Boris Yeltsin broke all Kremlin taboos yesterday by finally admitting that he is has agreed to have surgery to cure his continuing heart ailment. His announcement comes after weeks of speculation about his health, and explains why has been in virtual seclusion for more than two month, leaving a vacuum in the heart of the Kremlin.
In a television interview, Mr Yeltsin explained that surgeons have informed him that he either had to have an operation, or would have to work "passively". Speaking slowly, he said: "Passive work never suited me. Nor can it suit me now. That's why an operation and full recovery, as they promise, is better than passive activity."
The surgery is expected to take place at a cardiological centre in Moscow. Mr Yeltsin, who had two heart attacks last year, was quick to quash reports that he will go abroad for the operation, at the end of the month. According to Reuters, Kremlin aides have indicated that it will be a by-pass operation, although that has not been confirmed.
There have been reports for weeks that Mr Yeltsin's heart condition had returned. They began when the 65-year-old President suddenly dropped out of view after the first round of the presidential election in June.
As his absence persisted, his aides blamed acute weariness from the campaign, although few commentators believed them. The President's announcement, made to the little-know RIA Novosti news agency, appears to mark a change in policy within the Kremlin. Mr Yeltsin said he wanted to end the practices of secrecy that dominate Russian government - a remark that acknowledges that the misinformation circulated by his aides has done nothing to end international speculation about his condition. "I want to have a society based on truth here. That means no longer hiding what we used to hide," he said.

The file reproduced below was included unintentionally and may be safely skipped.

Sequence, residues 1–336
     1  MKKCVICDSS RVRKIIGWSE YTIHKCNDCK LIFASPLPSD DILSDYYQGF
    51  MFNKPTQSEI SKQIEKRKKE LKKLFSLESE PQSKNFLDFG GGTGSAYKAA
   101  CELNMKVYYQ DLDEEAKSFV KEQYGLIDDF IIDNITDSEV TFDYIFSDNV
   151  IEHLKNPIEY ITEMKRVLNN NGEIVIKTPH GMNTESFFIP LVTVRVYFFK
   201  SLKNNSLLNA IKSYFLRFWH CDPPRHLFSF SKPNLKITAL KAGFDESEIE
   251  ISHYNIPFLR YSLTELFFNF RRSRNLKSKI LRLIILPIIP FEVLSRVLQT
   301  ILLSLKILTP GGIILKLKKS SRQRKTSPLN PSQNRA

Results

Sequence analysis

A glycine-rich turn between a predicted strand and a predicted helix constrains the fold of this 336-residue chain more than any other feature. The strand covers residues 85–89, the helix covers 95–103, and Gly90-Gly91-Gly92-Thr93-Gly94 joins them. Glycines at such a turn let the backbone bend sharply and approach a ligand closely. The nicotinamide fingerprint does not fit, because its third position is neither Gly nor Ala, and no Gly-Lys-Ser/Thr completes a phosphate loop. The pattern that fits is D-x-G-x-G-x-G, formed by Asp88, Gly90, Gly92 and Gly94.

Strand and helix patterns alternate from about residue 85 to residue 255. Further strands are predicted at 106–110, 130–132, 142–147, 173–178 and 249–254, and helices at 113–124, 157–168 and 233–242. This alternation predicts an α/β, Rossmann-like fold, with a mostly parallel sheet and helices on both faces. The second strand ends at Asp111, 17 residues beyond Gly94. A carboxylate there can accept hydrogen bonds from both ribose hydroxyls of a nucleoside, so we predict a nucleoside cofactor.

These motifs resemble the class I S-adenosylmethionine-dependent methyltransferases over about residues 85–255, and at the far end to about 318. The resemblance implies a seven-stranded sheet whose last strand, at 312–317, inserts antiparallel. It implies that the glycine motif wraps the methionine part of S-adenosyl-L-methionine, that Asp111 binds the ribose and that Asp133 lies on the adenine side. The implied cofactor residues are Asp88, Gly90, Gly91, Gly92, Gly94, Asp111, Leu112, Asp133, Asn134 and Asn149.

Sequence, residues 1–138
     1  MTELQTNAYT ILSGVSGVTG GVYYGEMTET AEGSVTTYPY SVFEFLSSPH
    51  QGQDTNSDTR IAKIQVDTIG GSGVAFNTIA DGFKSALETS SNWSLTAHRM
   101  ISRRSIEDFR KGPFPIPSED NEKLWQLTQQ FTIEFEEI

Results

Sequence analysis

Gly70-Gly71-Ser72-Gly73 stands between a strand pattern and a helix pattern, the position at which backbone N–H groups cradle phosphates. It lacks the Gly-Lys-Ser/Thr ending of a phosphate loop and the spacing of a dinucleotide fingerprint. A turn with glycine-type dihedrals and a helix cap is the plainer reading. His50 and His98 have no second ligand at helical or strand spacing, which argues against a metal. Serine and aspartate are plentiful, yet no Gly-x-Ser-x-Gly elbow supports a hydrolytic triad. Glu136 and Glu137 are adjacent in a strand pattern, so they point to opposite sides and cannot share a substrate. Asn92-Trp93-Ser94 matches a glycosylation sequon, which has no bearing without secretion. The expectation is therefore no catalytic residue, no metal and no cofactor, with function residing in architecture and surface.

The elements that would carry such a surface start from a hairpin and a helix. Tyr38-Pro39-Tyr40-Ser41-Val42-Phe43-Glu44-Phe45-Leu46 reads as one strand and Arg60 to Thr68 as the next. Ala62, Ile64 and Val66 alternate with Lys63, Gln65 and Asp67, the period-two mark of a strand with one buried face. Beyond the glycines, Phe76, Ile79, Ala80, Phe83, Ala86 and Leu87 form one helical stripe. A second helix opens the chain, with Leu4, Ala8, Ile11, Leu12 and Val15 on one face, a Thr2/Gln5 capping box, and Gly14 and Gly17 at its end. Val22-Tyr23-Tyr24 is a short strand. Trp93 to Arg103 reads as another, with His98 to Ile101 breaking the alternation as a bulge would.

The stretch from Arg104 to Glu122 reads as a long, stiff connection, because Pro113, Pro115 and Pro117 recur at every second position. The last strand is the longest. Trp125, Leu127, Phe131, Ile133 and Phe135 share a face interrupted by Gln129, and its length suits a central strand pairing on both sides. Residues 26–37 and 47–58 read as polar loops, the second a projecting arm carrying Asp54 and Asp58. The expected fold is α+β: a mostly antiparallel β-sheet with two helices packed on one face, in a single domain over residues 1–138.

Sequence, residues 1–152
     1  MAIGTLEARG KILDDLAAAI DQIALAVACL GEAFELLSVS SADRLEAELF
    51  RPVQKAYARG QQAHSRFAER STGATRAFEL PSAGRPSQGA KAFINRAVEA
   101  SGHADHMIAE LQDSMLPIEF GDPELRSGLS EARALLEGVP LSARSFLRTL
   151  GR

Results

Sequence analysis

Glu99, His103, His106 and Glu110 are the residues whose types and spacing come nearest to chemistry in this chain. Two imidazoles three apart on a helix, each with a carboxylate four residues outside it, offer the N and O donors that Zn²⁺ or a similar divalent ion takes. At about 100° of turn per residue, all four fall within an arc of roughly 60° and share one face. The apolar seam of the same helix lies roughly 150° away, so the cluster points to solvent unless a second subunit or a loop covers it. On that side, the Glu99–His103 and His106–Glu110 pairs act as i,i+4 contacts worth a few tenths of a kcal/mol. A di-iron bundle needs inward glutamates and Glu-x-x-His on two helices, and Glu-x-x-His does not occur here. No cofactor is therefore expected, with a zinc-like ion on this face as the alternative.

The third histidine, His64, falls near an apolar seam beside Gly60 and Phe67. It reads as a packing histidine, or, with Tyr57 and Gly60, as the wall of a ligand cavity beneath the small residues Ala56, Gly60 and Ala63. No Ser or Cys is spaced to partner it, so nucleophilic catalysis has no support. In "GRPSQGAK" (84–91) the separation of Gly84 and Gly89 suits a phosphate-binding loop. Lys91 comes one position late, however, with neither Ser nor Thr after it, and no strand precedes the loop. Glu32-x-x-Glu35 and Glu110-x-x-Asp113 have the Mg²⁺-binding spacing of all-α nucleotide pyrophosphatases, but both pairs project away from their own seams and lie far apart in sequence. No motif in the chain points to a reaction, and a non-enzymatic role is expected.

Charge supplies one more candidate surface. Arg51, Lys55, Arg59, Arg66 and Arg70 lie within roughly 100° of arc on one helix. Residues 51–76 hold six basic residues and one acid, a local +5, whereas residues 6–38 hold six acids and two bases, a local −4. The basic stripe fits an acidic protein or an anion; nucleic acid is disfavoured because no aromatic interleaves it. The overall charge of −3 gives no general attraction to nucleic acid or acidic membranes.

In what may have been an attempt to divert some attention from his condition, Mr Yeltsin used his television appearance to announce that, after days of apparently shunning Alexander Lebed, his peace envoy in Chechnya, he now supported the recently signed peace deal. However, he was critical of one of its key components - a speedy withdrawal of troops. Mr Lebed yesterday met the Chechen rebel chief-of-staff, Aslan Maskhadov.
The announcement of Mr Yeltsin's heart problems led television news broadcasts in Moscow last night. The key question facing Russians is who takes control while Mr Yeltsin, who is due to meet the German Chancellor Helmut Kohl tomorrow, is out of action. Under the constitution, Viktor Chernomyrdin should step in, but he has been wrestling for power and influence with Mr Lebed.
In Soviet times, leaders' health was considered a secret and the state often went to bizarre lengths to hide problems. When Leonid Brezhnev was in his decline, pictures were falsified and events specially staged for television to suggest he was well. For months before his successor Yuri Andropov died, officials said he had a cold.
In recent months Mr Yeltsin's health had been shrouded in a secrecy reminiscent of old times. Yeltsin disappeared from public view in late June. His aides said he was simply tired and recovering from a vigorous election campaign that brought him victory over a communist rival. Since then, Mr Yeltsin has made only one public appearance, on 9 August, briefly showing up at his inauguration ceremony.
Sick Yeltsin, page 13
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